“Wood ear mushrooms!” he says. Immediately, I snap to attention. I’ve cooked with wood ears plenty of times, favoring them as an addition to soups and stir-fries. And now we’ve just stumbled upon them, like diamonds in the sand. Bradford continues to fawn over the branch – this is his first wood ear find – and we both snap pictures for further identification and bragging rights. Then we put the branch back where we found it (we’re in a state park, where taking mushrooms home with you is illegal) and continue on. Only now I’m hungry to find more, and I’m scanning the scene with a fevered intensity.
About five minutes later, it’s me who hollers. I beckon to Bradford, who confirms my suspicion with the pride of a coach who’s just watched his unlikeliest athlete come in first. I have found my first mushrooms: spring polypores clinging to the side of a tree. My mind is filled with fantasies of future hunts, toting home bags of chanterelles, or coming across a windfall of morels. I’m hooked.
And I’m not the only one. This same rush has led food lovers, nature lovers, and those with a passion for the chase to take up foraging. After my morning with Sam, I sit down with Chris Rumbley, director of Raleigh City Farm, who has done his own fair share of foraging.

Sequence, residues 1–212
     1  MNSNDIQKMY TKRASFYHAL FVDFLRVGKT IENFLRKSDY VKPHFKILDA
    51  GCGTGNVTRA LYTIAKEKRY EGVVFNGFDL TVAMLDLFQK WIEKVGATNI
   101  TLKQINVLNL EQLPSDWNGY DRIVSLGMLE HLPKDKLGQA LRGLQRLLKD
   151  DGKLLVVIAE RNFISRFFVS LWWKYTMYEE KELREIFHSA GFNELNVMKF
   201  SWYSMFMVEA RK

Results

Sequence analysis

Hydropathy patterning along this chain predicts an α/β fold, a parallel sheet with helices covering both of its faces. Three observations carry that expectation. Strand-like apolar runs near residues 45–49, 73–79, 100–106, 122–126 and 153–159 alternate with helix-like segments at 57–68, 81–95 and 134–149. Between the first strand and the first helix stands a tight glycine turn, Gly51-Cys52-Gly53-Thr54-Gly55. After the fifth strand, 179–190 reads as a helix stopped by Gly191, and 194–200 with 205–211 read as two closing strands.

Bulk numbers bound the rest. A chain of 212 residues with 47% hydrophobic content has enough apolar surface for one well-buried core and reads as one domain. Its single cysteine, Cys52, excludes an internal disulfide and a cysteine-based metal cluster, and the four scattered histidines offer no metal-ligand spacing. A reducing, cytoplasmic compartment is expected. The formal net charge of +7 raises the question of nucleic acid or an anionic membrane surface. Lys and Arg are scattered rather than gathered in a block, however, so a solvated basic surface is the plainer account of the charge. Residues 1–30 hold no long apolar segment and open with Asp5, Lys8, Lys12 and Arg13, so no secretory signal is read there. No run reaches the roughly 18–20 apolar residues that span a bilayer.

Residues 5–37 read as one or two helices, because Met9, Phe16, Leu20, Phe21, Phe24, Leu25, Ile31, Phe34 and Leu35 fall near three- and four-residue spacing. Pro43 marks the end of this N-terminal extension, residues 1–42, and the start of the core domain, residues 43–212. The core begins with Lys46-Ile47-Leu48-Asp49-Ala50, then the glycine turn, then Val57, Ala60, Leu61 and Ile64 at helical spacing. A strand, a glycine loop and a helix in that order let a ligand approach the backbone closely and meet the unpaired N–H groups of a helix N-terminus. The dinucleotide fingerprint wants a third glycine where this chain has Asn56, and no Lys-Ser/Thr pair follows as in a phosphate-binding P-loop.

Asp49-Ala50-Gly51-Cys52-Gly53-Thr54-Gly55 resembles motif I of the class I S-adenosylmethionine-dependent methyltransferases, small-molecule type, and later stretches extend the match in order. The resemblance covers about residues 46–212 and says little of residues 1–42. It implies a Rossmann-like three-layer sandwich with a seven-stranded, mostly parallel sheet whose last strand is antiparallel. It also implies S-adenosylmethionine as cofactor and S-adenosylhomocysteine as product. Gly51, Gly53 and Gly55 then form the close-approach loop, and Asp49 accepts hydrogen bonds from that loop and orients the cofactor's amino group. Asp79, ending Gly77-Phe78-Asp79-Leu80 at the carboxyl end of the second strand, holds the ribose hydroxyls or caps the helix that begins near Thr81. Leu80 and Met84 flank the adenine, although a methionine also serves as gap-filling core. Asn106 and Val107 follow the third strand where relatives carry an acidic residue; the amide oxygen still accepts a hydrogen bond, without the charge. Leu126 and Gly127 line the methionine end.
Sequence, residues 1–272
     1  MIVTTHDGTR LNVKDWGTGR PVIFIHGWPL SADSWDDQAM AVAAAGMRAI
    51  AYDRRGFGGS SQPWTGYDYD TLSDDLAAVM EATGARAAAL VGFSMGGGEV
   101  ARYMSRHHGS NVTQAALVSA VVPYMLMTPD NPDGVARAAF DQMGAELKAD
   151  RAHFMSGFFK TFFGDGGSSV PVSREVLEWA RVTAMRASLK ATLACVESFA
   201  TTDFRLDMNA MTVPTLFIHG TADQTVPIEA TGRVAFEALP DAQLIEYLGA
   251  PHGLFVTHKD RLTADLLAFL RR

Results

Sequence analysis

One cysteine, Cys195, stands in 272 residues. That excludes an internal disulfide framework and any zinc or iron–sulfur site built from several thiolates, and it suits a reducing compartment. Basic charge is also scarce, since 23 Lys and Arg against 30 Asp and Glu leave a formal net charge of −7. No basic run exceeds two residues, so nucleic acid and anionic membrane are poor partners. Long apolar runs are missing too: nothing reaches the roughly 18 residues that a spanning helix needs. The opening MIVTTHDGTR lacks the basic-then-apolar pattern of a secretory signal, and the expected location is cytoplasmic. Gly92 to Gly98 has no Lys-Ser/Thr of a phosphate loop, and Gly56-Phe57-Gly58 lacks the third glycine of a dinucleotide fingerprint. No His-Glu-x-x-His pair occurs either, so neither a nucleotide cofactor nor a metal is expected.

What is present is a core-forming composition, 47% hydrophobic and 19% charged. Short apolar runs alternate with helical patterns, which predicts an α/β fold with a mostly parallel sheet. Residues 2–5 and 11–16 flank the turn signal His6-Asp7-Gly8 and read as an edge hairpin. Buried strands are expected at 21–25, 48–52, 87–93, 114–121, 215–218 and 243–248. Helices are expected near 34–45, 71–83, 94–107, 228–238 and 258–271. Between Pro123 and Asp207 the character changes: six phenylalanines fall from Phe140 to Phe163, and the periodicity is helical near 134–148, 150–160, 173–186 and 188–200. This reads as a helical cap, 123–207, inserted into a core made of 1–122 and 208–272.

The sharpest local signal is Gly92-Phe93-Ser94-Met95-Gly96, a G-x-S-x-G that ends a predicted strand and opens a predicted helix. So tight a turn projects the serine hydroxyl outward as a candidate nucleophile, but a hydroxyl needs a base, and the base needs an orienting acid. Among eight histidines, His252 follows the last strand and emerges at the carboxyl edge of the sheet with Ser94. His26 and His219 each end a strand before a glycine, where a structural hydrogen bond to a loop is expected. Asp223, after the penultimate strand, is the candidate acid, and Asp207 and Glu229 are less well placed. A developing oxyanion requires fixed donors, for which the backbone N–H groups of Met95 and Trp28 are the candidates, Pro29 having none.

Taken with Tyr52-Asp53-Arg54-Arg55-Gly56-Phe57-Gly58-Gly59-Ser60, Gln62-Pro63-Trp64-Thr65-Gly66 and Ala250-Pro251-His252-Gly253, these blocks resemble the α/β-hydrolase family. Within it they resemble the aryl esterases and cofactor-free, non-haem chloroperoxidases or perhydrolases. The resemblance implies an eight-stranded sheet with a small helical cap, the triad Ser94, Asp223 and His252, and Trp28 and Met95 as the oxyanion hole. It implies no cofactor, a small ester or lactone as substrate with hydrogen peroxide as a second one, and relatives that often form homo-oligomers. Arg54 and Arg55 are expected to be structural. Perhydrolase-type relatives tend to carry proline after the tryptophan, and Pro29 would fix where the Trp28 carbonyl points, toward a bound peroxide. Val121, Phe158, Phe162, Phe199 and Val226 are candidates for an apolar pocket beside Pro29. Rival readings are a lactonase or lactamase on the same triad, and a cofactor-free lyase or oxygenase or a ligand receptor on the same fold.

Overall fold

“There’s definitely a growing interest,” he tells me. “I think people are seeking ways to reconnect with nature and there’s something primal about finding your own food. We like knowing that we can, even if we don’t have to.”
And while Rumbley occasionally buys mushrooms from foragers to sell to chefs, he notes that most of his forager friends do it only as a hobby, and keep any of the spoils of the hunt for themselves.
“It’s just too uncertain to base a business around,” he says. Those who do forage with a mind to sell are protective of their “spots,” lest they be picked over by amateurs.
“The foragers I work with are highly sensitive about conservation; they only take some of what they find, and leave some in the wild so it’ll come back next year,” he says. Bradford echoed those same sentiments, claiming a responsibility to make sure that he’s never taking more than he should.
But unlike some of the more guarded foragers out there, Bradford doesn’t see the growing interest in foraging as a danger, as long as newbies learn some of these rules of thumb. For his part, he’s generous with his time, and already has a list of friends and acquaintances who, like me, have asked to join him on an expedition.
As for me, I’m already studying up on my mushroom-identifying skills, eager for another find on the top of a hill in the woods.